• Melanin pigmentation of the lips and oral mucosa is present from birth and appears as small brown macules measuring 1-5 mm in diameter.
  • Buccal mucosa is frequently involved.
  • On the face the spots tend to be grouped around the eyes, nostrils and lips,
  • Lower lip is almost involved.
  • Facial pigmentation tends to fade later in life.
  • Oromucosal pigmentation includes melanin pigmentation such as:
    • Local and ethnic pigmentation.
    • Oral pigmentary manifestations of systemic diseases.
    • Pigmentary disturbances associated with pharmaceuticals and other chemicals.
    • Benign and malignant pigmented neoplasms.
  • Intestinal polyps are distributed through the entire intestine.
  • Patients have frequent episodes of abdominal pain and signs of minor obstruction.
  • Role of dentist in detecting this syndrome is important through a tentative diagnosis based on the oral and paraoral manifestations.
(Heck's Disease)
It is the one of the most contagious oral papillary lesions caused by HPV (human papilloma virus).
Clinical Features
  • Primarily occurs in children but may appear in young and middle aged adult.11
  • No gender predilection.
  • Involves the labial, buccal and lingual mucosa mainly but gingiva and soft palate can be affected.
  • Characterized by broad based or slightly elevated, well demarcated plaques. Frequently papillary in nature, relatively smooth surfaced, flat topped lesions.
  • Appears as cobblestone or fissured appearance.
Histologic Features
  • Considerable focal acanthosis of the oral epithelium.
  • The thickened mucosa extends upward, not down into underlying connective tissues, hence the adjacent normal rete ridges.
  • Ridges are widened and club shaped.
Treatment and Prognosis
Conservative excisional biopsy
(Fordyce's Disease)
  • Also called Fordyce's disease and sebaceous nevi.
  • Not a disease of oral mucosa. It is a developmental anomaly characterized by heterotopic collections of sebaceous glands at various sites in the oral cavity.
  • This occurs due to inclusion of sebaceous glands in the oral cavity of ectoderm during development of the maxillary and mandibular processes of embryonic life.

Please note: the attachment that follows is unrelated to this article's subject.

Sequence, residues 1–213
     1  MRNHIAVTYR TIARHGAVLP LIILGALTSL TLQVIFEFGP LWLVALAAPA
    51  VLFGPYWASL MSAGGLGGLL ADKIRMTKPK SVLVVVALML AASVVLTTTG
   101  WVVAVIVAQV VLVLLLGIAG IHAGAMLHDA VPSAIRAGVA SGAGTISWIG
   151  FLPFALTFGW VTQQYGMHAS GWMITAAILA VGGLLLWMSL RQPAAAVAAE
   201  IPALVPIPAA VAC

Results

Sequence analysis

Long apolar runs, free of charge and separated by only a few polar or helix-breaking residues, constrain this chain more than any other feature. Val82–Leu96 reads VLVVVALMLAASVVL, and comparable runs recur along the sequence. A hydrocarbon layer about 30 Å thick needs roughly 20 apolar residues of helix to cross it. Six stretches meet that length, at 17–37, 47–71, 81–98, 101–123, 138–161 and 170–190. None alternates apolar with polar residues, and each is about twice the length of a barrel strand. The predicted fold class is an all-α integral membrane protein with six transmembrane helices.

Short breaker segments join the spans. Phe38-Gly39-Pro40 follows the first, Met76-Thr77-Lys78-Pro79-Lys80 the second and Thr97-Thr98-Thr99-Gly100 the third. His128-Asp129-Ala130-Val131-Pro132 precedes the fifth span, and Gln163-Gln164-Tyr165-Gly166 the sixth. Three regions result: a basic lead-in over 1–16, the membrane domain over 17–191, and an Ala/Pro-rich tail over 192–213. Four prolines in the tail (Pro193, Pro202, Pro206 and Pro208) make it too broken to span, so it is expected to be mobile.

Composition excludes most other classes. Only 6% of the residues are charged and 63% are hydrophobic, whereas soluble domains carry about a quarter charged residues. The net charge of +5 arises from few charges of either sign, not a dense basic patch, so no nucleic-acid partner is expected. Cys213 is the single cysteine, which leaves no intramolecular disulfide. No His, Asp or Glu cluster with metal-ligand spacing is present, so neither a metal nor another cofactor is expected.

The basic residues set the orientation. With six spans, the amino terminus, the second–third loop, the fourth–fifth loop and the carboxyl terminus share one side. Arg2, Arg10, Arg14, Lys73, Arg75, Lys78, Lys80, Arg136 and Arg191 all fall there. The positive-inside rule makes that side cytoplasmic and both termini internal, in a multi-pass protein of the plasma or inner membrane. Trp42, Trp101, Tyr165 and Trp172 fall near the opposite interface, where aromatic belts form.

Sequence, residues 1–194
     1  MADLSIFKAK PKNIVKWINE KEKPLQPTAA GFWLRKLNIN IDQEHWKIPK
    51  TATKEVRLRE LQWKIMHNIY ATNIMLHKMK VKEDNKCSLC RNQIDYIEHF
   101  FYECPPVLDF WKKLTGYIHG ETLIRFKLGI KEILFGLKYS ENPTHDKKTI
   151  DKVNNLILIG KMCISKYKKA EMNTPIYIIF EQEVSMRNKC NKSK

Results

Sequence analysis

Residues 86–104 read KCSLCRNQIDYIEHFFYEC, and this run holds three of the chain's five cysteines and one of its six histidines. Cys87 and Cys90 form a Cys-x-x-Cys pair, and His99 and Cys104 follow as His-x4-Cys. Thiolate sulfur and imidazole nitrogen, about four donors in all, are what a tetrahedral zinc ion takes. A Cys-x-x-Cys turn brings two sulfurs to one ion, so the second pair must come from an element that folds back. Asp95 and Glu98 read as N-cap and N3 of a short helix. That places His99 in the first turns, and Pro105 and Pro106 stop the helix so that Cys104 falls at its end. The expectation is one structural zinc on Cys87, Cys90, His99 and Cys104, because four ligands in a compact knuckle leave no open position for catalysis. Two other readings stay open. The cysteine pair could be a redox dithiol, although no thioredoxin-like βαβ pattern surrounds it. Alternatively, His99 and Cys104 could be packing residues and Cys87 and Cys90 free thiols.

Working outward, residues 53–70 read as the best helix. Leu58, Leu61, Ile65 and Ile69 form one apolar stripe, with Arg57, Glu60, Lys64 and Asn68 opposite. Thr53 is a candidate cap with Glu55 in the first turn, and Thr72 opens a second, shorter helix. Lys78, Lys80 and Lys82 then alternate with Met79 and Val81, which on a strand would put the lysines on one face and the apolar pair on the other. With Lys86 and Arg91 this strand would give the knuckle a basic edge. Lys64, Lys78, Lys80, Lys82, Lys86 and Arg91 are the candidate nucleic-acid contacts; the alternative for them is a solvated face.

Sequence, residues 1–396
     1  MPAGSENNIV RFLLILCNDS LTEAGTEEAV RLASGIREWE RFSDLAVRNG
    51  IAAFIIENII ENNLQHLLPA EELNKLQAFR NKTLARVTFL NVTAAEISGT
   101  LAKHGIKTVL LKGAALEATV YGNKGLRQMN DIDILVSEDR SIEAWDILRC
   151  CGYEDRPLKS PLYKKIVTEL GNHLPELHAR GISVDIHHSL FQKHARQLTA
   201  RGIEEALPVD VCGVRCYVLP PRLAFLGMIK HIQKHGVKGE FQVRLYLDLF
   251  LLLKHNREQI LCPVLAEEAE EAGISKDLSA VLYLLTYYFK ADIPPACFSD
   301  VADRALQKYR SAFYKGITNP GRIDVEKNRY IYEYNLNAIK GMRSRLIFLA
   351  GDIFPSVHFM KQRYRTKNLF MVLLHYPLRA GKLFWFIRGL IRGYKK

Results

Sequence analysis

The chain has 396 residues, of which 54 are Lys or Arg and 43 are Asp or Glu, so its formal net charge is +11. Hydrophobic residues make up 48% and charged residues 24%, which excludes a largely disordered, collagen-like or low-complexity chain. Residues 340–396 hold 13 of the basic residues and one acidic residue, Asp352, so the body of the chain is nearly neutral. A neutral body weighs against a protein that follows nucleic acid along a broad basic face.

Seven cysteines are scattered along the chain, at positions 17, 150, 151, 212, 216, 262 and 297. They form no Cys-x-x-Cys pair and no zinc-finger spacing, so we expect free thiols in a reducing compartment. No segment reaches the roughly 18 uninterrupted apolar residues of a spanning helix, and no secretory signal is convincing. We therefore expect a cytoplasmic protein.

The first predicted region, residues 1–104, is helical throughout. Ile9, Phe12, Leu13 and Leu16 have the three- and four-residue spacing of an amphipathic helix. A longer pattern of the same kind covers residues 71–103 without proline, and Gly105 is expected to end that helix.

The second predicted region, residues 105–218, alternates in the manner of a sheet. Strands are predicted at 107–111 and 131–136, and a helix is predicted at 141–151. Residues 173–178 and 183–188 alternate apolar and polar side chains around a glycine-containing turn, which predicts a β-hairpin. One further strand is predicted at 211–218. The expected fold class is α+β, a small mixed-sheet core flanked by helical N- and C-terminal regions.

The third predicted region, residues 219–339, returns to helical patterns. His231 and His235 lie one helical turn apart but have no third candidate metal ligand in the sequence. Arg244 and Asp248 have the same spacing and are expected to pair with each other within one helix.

Clinical Features
  • Appears as small yellow spots, either seen individually or forming a large plaques, often projecting slightly above the surface of the tissue.
  • Most frequently seen as a bilaterally symmetrical pattern. On the cheek mucosa, opposite the molar teeth.
Other Sites
  • Inner surface of the lips.
  • Retromolar region lateral to the anterior faucial pillar.
  • Occasionally on the tongue, gingiva, frenum and palate.12
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    Fig. 1.1: Fordyce's granules
  • Current research states that it can be seen in esophagus, the female genitalia including the uterine cervix, the nipples, the palms and soles, the parotid glands, the larynx and the orbit.
  • Incidence of oral condition is 80%.
  • No significant difference in occurrence between the genders or races.
Histologic Features
  • Glands are usually superficial and may consist of only a few or a great lobules, all grouped around one or more ducts which open on the surface of the mucosa.
  • Ducts may show keratin plugging.
  • No treatment required.
  • Very rarely a benign sebaceous gland adenoma and keratin filled pseudocyst develops.
  • Is a rare congenital anomaly manifested by the presence of a small or rudimentary tongue.
  • When tongue is completely absent at birth, the condition is known as aglossia.
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  • Congenital macroglossia is due to an overdevelopment of the musculature which may or may not be associated with generalized muscular hypertrophy or hemihypertrophy.
  • Secondary macroglossia may occur as tumor of the tongue such as diffuse lymphangioma or hemangioma, from neurofibromatosis, blockage of efferent lymphatic vessels, in cases of malignant neoplasms.
  • In cases of acromegaly it is due to hyperpituitarism in the adult, cretinism, congenital hypothyroidism; Beckwith's hypoglycemic syndrome.
  • Macroglossia may produce displacement of teeth malocclusion.
  • Removal of the primary cause.
  • Surgical trimming.
(Tongue tie)
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  • Fusion between the tongue and floor of the mouth.
  • Usually result of a short lingual frenum of one which is attached too near the tip of the tongue.
  • There is restricting movement of tongue, exhibit speech difficulties in pronunciation of certain consonants and diphthongia.
  • Treated surgically by clipping the frenum.
  • Is a rare condition that is apparently due to lack of merging of the lateral lingual swellings of this organ.14
  • Manifested as a lay groove in the midline of the dorsal surface.
  • Results because of incomplete merging and failure of groove obliteration by underlying mesenchymal proliferation.
  • It is found in association with orofacial digital syndrome.
(Scrotal tongue, Lingua plicata)
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  • Malformation manifested clinically by numerous small furrows or grooves on the dorsal surface, radiating out from a central groove along the midline of the tongue.
  • It is not a developmental malformation, the incidence of this condition increases with age.
  • Associated with some extrinsic factor such as chronic trauma or vitamin deficiencies.
  • It is usually painless except in occasional cases in which food debris tends to collect in the grooves and produce irritation.
  • Material may be removed by stretching and flattening the fissures and using a tooth brush or gauze sponge to cleanse the surface.
(Central papillary atrophy of the tongue)